A little history of The Pisco Sour
The Pisco Sour’ history begins in the 1500s when Peru produced wine. Spain restricted wine production, forcing vineyards to embrace distillation. This produced pisco, a clear and unaged spirit and the first grape distillate in the Americas.
Victor Morris opened Lima’s first official bar in 1916 Morris’ Bar served a cocktail called. Victor Morris was an American from Utah who had moved to Peru in 1903 to work for the Cerro de Pasco Railway. He then moved to Lima to open his bar.
Before Morris’ Bar, there were few references to pisco drinks. In colonial Lima, pisco aficionados sipped it neat in a daytime ritual. In the 1700s, street vendors sold a pisco mixed with lime juice at bullfights.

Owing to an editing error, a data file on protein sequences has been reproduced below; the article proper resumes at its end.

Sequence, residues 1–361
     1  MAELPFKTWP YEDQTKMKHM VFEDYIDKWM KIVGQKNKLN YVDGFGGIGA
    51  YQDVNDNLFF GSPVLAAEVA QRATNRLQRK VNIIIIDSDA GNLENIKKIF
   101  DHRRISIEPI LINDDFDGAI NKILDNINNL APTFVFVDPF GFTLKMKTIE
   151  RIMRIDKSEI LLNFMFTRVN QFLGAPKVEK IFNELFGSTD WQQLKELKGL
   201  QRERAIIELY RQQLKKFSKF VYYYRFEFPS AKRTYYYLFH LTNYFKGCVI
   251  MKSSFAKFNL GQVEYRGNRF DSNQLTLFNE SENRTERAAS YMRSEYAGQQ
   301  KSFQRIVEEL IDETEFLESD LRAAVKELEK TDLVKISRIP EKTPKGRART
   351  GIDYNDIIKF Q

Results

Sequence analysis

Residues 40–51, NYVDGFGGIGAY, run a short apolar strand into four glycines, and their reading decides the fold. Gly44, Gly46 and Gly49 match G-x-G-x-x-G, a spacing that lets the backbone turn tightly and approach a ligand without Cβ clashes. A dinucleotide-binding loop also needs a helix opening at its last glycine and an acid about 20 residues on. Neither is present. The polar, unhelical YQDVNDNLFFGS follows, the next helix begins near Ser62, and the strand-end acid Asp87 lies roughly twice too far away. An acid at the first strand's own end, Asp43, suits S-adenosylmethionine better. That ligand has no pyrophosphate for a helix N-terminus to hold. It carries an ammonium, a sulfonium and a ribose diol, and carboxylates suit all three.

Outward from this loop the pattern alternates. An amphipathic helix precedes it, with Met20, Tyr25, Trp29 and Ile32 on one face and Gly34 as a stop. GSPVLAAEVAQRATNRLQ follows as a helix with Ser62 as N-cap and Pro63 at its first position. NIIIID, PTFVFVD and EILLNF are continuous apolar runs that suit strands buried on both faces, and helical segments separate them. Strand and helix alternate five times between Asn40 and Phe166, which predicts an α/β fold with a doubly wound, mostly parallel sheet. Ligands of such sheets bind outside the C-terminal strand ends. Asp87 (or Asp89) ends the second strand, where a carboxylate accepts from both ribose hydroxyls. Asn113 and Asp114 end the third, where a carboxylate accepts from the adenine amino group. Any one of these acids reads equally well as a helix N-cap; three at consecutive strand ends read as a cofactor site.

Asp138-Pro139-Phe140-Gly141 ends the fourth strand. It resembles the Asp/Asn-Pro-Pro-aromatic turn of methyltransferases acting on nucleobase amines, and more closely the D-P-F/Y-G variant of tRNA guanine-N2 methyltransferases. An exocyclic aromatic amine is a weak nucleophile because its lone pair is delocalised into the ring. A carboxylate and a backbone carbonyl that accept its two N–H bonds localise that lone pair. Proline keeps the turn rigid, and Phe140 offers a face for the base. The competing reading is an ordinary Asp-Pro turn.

Historians consider Morris the creator of The Pisco Sour. The belief is that the Whisky Sour or Silver Fizz inspired him. The Bar attracted Lima’s elite personalities which influenced the popularity of The Pisco Sour.
A recent discovery of a 1903 Peruvian cookbook published in Lima includes a recipe which is the oldest known written version Pisco Sour.
Morris died in 1929, leaving his apprentice Mario Bruiget serving Pisco Sours at the Hotel Maury. In modern times, the Pisco Sour is Lima’s national drink and served in every bar.
- 60mL Encanto Pisco
- 30mL Fresh Lime Juice
- 20mL Simple Syrup
- 1 Egg White Dash of Amargo Chuncho bitters
- Add your egg white to a boston glass.
- Dry shake the egg white to emulsify.
- Fill boston glass with ice.
- Add remaining ingredients.
- Shake and double strain into a chilled coupe glass. Garnish with a dash of Amargo Chuncho Peruvian bitters or you can use Angostura bitters.